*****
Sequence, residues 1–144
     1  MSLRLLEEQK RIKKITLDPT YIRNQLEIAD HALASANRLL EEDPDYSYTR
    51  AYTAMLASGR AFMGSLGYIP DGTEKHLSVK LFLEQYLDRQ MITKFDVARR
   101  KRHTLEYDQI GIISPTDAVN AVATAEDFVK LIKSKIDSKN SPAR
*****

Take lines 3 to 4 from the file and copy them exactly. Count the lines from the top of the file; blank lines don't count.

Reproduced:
    51  AYTAMLASGR AFMGSLGYIP DGTEKHLSVK LFLEQYLDRQ MITKFDVARR
   101  KRHTLEYDQI GIISPTDAVN AVATAEDFVK LIKSKIDSKN SPAR